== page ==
WHO: “Gaming Disorder” Is a Real Illness

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Anchor: If you have a loved one that you think has a serious addiction to video games, the World Health Organization is now backing your suspicion. Earlier today the WHO announced it is adding gaming disorder as a new mental health condition. It says the symptoms are destructive behavior, very similar to gambling addiction and substance abuse. Is says people with the disorder make video games their first priority – more than eating, sleeping, socializing. The WHO says gamers can’t control their obsessions – even where there are negative consequences his or hers need to play that game gets worst and worst, finally the gamers behavior causes rifts between his or hers personal or occupational relationships.

Anchor: Ted Guastello, Vice President of Operations at Newport Academy – a teen mental health treatment center is joining me today. Thank you so much for being here sir.

Ted: Great to be here

Anchor: Obviously there is some discussion among psychologists. Obviously not everybody is of this feeling that it should have been given that designation because they say it is premature to label this as a diagnosis since there are people who actually use games to quell those feeling of anxiety have you seen that in your work?

Ted: Absolutely. I think that games can be a tool that is helpful, but like every tool it has the potential to become a weapon and when you look at the role that the behavior plays in someone’s life, that is when you can start to see if it is getting into addiction territory, where in order to engage in this I am sacrificing other parts of my life – social relationships, academic performance, family time…

Anchor: is this a slippery slope, or not for everybody? For some people and some personalities it is?

Ted: You know, I was reflecting on this. I do think that there are tendencies, but I think really it is the underlying discomfort and that certain persons who are exposed to video games they are going to take to it because they are using it for self-soothing. So if that pre-condition of the underlying trauma, discontent, chemical imbalance – whatever is in play, that is where you will start to see progressive behaviors about it.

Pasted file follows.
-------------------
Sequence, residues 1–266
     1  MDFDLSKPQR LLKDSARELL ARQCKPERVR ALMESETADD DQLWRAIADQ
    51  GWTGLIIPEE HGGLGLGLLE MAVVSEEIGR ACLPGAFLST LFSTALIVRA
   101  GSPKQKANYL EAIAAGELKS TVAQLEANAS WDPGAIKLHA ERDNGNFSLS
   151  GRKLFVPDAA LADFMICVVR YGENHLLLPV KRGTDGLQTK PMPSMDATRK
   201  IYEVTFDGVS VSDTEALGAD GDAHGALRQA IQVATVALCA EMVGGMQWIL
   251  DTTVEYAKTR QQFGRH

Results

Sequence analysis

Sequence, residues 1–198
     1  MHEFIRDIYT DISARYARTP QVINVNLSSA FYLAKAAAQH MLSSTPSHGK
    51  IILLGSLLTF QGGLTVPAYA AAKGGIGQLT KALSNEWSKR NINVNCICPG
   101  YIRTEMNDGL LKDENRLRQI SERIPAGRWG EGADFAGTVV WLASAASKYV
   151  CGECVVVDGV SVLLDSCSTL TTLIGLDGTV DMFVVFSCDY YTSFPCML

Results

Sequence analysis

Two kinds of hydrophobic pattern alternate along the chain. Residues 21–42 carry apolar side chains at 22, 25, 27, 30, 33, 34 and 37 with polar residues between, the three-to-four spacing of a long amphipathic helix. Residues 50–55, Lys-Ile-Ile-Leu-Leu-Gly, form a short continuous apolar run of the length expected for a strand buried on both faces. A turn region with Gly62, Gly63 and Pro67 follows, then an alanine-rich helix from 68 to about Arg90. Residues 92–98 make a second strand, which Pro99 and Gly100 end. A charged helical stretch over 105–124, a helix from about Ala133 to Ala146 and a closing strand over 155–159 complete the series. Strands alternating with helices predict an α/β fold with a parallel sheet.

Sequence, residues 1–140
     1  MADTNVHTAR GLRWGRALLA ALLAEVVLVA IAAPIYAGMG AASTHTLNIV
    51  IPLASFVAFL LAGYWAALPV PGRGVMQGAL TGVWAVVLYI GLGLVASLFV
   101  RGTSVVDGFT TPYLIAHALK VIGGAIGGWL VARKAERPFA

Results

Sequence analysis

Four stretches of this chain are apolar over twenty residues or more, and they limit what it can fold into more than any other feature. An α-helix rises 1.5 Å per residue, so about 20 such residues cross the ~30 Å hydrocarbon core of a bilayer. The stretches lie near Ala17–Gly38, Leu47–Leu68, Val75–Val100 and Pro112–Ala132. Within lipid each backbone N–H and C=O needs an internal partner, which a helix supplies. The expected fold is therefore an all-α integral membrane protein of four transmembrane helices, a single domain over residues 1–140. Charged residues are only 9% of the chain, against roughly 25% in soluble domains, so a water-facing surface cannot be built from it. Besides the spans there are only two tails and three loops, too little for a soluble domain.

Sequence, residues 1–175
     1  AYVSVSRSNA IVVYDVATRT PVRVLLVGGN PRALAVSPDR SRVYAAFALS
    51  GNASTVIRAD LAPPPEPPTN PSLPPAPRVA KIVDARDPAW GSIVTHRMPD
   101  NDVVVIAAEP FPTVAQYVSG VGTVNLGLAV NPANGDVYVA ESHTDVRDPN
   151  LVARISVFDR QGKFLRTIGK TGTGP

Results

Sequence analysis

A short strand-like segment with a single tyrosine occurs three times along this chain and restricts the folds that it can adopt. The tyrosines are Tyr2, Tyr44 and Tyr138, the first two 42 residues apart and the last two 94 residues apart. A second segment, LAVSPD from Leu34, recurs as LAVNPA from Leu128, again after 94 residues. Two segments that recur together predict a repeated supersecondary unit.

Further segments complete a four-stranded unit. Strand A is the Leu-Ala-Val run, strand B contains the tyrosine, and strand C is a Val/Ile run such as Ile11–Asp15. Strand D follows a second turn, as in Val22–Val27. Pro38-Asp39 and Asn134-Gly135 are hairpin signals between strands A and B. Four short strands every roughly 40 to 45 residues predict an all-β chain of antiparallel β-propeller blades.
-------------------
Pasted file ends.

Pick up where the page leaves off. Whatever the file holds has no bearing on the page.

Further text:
Anchor: The WHO has actually made the point that there are thousands and thousands of gamers who are not going to have this issue, but for some this will become almost debilitating especially if it gets to the point where we hear that they are forgoing even food and sleep. What in your experience can parents do, or care giver do if they think that someone is in the throes of such an addiction?

Ted: I think like all addictions, it is important to look at the outward behaviors as symptoms of an inner discontent. At Newport Academy we surround our kids with a lot of individualized therapy. The idea is to rebuild from the inside. To find what is the discontent inside that they are addressing in the outward behaviors.

Anchor: And that has proven successful for you

Ted: Yes, absolutely. The other part is behavioral, pairing it with experiences. Like some of the things we do like – adventure therapy, mindfulness, meditation, paddle boarding. I think families can simulate that.

Anchor: In their own back yard or neighborhoods. So, you are of the mind that this was the right thing to do? To designate this as a mental health condition

Ted: Truly yes. I think that forty – fifty years ago we were just as surprised by chemical dependency and gambling. We viewed them as voluntary behaviors. I think that what we know about the brain now makes it more logical. I am happy for anything that brings healing and help to people who are struggling

 

Anchor: It will also give doctors the ability to give this people help and maybe even send them to facilities like yours. Thank you so much for being here again, Ted Guastello from Newport Academy

Originally aired on HLN

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